Halogens in Eclogite Facies Minerals from the Western Gneiss Region, Norway

Lewis Hughes, Simon Cuthbert, Alexandra Quas-Cohen, Lorraine Ruzie-Hamilton, Alison Pawley, Giles Droop, Ian Lyon, Romain Tartese, Raymond Burgess

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Ultra-high-pressure (UHP) eclogites and ultramafites and associated fluid inclusions from the Western Gneiss Region, Norwegian Caledonides, have been analysed for F, Cl, Br and I using electron-probe micro-analysis, time-of-flight secondary ion mass spectrometry and neutron-irradiated noble gas mass spectrometry. Textures of multi-phase and fluid inclusions in the cores of silicate grains indicate formation during growth of the host crystal at UHP. Halogens are predominantly hosted by fluid inclusions with a minor component from mineral inclusions such as biotite, phengite, amphibole and apatite. The reconstructed fluid composition contains between 11.3-12.1 wt% Cl, 870-8900 ppm Br and 6-169 ppm I. F/Cl ratios indicate efficient fractionation of F from Cl by hydrous mineral crystallisation. Heavy halogen ratios are higher than modern seawater by up to two orders of magnitude for Br/Cl and up to three orders of magnitude for I/Cl. No correlation exists between Cl and Br or I, while Br and I show good correlation, suggesting that Cl behaved differently to Br and I during subduction. Evolution to higher Br/Cl ratios is similar to trends defined by eclogitic hydration reactions and seawater evaporation, indicating preferential removal of Cl from the fluid during UHP metamorphism. This study, by analogy, offers a field model for an alternative source (continental crust) and mechanism (metasomatism by partial melts or supercritical fluids) by which halogens may be transferred to and stored in the subcontinental lithospheric mantle during transient subduction of a continental margin..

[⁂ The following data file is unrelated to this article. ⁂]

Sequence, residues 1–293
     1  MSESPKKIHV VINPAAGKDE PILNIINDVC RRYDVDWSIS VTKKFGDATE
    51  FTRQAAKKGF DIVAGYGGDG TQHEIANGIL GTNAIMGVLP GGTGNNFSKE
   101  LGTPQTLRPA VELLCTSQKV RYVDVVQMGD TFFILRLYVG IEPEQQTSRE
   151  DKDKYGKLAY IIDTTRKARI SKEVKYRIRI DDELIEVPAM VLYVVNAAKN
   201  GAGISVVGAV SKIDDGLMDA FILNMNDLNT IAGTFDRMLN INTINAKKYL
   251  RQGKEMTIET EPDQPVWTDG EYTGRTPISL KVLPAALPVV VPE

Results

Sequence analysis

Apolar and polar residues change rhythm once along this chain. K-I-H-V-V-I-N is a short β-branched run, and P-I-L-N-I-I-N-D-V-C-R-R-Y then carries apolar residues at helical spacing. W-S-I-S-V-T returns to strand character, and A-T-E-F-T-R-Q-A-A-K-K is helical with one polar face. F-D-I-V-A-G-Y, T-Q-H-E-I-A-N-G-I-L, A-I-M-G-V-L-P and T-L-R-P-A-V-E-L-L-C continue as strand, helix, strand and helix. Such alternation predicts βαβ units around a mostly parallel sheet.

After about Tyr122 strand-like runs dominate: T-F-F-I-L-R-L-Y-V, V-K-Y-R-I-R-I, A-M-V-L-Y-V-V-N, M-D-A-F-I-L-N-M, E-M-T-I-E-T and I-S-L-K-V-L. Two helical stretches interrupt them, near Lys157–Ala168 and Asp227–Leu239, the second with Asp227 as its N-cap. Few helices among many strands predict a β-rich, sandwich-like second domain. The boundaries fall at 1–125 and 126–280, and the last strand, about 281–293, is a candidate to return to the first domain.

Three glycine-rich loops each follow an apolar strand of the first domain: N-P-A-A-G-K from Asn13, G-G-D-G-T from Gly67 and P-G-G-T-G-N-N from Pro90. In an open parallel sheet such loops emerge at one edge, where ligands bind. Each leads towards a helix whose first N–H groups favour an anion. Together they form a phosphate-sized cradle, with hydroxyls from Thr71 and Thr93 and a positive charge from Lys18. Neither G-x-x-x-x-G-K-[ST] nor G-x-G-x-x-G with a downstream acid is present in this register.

Original languageEnglish
Article number760
Issue number7
Publication statusPublished - 14 Jul 2021


  • halogens
  • subduction
  • metasomatism
  • eclogite
  • Western Gneiss Region


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